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Perspective Chapter: Creative Mapping and Mapping Creativity

Written By

Stanley D. Brunn

Submitted: December 12th, 2021 Reviewed: January 17th, 2022 Published: February 9th, 2022

DOI: 10.5772/intechopen.102729

IntechOpen
Creativity Edited by Sílvio Manuel Brito

From the Edited Volume

Creativity [Working Title]

Ph.D. Sílvio Manuel Da Rocha Brito

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Abstract

Creative efforts showing places and human/environmental features are integral to understanding our evolution of knowledge. Throughout human history, the construction of maps for personal, commercial or political control has been instrumental in displaying food production, faith landscapes, human migration, transportation networks, environmental conditions, human welfare and much more. The visible products about environmental settings and human well-being from prehistoric artists, explorers, cartographers and geographers to those using satellites, GIS and social media reflect rich imaginations about the place and environmental knowledge. Historical creative efforts are addressed as well as ongoing geographic searches and mapping to improve our understanding of the planet’s human and environmental features. Creative curiosities about places local, planetary and extra-planetary will forever be part of human histories.

Keywords

  • prehistory
  • Europeanization
  • hyperlinks
  • geohumanities
  • imagination
  • planetary knowledge gaps
  • unknowns

Geographers on Afric-maps.

With savage pictures filled their gaps.

And o’er uninhabitable downs.

Placed elephants for want of towns.

—Jonathan Swift.

Geographers find maps exude emotion.

About a place or environmental location.

Far less inspiring are the worlds of apps.

Replete with many uninspiring gaps.

—Stanley Brunn.

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1. Introduction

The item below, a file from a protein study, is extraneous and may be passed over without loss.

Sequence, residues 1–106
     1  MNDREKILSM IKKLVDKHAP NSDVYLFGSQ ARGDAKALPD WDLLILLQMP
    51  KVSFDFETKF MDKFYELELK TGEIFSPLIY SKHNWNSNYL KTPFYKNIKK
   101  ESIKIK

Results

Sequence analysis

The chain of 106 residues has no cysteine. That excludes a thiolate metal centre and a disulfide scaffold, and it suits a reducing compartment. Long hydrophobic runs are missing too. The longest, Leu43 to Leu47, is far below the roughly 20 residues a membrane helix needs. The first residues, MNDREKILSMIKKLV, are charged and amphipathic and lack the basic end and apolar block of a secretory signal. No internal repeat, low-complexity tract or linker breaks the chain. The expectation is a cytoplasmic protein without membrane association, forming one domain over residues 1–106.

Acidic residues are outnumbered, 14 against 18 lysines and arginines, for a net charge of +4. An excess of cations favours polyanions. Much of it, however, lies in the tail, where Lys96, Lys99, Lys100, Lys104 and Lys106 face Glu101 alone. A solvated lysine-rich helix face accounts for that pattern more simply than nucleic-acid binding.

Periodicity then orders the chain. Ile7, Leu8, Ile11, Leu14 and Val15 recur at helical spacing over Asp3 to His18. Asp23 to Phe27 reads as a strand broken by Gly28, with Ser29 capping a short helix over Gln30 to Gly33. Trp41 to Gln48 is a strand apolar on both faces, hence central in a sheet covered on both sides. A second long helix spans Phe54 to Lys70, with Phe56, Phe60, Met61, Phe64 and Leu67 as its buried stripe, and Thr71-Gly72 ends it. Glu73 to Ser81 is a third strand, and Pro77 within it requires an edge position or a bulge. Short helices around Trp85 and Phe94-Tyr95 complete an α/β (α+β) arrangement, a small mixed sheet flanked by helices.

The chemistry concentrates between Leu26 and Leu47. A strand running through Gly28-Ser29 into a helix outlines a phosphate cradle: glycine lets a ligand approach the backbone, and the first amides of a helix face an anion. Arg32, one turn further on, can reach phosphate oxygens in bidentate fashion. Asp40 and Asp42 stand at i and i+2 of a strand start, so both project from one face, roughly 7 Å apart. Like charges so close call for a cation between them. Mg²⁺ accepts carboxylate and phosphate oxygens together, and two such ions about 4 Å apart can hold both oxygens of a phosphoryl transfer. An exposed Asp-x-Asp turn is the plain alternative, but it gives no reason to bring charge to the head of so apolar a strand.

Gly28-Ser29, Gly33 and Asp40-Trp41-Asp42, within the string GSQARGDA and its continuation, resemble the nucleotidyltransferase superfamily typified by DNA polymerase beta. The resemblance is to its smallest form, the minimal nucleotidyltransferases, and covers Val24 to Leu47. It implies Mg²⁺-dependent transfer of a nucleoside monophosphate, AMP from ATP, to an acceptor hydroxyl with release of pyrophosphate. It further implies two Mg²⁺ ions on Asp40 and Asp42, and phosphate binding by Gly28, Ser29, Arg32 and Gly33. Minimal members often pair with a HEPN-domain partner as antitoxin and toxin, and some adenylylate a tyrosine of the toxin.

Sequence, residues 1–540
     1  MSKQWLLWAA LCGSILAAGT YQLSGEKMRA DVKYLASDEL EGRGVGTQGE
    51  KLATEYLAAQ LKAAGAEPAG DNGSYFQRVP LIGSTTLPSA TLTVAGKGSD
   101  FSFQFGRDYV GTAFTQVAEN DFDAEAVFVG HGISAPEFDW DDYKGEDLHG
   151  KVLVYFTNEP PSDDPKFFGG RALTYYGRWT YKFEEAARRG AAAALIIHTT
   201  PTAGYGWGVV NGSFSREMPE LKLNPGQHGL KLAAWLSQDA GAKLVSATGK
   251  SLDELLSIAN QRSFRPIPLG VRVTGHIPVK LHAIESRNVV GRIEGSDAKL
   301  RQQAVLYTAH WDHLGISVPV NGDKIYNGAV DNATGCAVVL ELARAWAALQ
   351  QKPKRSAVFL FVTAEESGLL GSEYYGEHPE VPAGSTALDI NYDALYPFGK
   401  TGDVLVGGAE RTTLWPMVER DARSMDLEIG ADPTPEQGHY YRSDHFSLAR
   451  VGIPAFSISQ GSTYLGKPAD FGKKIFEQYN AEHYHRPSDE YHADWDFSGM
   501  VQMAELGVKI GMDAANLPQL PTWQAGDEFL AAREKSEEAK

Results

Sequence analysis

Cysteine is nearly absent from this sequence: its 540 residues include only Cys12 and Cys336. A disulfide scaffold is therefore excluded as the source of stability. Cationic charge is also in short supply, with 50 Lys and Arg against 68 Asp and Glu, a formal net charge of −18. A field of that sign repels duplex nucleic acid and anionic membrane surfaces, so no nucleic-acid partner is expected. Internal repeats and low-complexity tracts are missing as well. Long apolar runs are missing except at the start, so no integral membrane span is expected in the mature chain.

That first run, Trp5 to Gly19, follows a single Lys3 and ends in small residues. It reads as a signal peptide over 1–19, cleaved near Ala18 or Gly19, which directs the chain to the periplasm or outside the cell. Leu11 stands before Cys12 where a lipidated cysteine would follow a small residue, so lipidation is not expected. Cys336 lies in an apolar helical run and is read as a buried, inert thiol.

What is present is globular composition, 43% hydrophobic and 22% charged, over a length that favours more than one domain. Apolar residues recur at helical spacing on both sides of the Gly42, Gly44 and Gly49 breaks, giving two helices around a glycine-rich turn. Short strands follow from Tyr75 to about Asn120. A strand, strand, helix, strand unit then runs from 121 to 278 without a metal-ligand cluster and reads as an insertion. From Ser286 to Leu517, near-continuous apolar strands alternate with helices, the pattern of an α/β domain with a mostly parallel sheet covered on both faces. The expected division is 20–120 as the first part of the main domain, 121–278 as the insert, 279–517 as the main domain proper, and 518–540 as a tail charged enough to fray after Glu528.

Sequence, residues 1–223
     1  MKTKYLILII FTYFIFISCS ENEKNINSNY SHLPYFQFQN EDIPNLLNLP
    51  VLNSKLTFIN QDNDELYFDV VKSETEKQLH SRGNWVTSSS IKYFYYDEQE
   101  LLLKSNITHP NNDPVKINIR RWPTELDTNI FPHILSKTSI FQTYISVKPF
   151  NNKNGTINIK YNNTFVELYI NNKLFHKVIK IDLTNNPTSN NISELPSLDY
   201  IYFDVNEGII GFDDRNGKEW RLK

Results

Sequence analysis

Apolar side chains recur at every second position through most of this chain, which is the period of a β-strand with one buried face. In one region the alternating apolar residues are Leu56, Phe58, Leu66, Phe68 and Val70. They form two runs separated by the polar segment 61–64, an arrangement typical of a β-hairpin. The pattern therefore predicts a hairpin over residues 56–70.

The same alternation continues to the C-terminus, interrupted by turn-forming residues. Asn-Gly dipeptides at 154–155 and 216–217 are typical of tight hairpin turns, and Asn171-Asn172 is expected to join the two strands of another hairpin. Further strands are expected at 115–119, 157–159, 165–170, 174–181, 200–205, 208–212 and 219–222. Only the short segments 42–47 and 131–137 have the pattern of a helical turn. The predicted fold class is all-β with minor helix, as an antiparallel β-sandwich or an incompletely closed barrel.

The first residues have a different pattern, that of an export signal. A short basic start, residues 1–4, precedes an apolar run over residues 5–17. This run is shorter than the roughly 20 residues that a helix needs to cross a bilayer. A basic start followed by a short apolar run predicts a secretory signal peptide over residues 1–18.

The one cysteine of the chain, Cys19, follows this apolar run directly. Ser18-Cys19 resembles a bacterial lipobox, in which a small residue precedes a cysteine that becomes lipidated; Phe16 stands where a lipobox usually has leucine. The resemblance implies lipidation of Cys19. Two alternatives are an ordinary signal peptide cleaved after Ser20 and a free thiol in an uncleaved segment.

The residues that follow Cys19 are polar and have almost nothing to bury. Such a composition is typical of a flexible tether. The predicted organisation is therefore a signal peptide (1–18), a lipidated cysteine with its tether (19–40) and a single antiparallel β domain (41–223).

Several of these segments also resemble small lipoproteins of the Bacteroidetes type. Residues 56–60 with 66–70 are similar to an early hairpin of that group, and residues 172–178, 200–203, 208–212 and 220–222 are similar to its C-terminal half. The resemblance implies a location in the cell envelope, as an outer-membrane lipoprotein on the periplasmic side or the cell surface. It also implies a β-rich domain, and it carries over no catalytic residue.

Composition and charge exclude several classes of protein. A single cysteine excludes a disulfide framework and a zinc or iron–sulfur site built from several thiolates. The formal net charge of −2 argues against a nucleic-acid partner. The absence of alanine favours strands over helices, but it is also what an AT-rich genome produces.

All maps are creative efforts as they are designed, prepared and produced by humans, whether children in elementary grades or adults using super technologies. Maps are also information products that contain material the designer or the client, whether a scholarly community, corporation or state, wishes to display. Behind those constructions are many questions about the map designer her/himself, why the map was constructed, the person or organization funding the production and the desired uses of the final product. These why, for whom, and so what questions are foundational in looking at any map considered, constructed and used. Because of the individual, state and corporate incentives behind map constructions, it needs to be recognized that maps themselves represent some creativity. Two or three individuals constructing a map of a region or showing the same specific feature can produce a different map in size and content as well as colors, scales, legends and title. Those variations themselves represent creative efforts on the part of the designer and producer for the intended audience.

What is important to recognize in any map construction is the creative skills and talents the cartographer brings to the task and the final product. Mapmakers or cartographers can be grouped into several categories, including those that have keen imaginations and talents and those that are simply using an existing map or constructing one with only some slight variation in content or projection. There are all kinds of cartographers along this continuum. Those variations in talents were displayed in early cartographers drawing lines on the earth’s surface or sketches on cave walls or stone or wood. The early cartographers displayed much creativity in mapping features and colors depicting distances, directions and images of human livelihood and environmental settings. We observe these distinguishing features on maps showing the layout of a village, a favorite hunting ground or fishing spot, sacred landscapes and distant places of enemies. Some early developments in the evolution of human cartography are depicted in Figure 1.

Figure 1.

Evolution of creative mapping: From sticks and stones to GPS maps and apps.

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2. Early cartographers

Our history of early cartographers has many “gaps,” including who they actually were. Perhaps they were a woman or man who exhibited to peers some spatial, esthetic and creative “wherewithal” about places nearby or distant and also displayed those talents in designing tools and weapons, clothing, musical instruments and even reading the stars to predict regular and irregular events. Or they may have been someone with a physical disability who enjoyed listening to stories of someone who eagerly ventured into known and unknown places. Or they may have been those who led hunting and gathering sojourns for daily livelihood or persons of power and leadership who led expeditions into little-known places or military leaders who returned from exploits and provided knowledge that they sought to display on some flat surface. Whoever they were and whatever their purposes were, the earliest cartographers were, like today, both creative in thinking spatially and also seeking how to represent what they observed and learned to satisfy members of some tribe or clan or to advance some commercial or state-powered ambitions.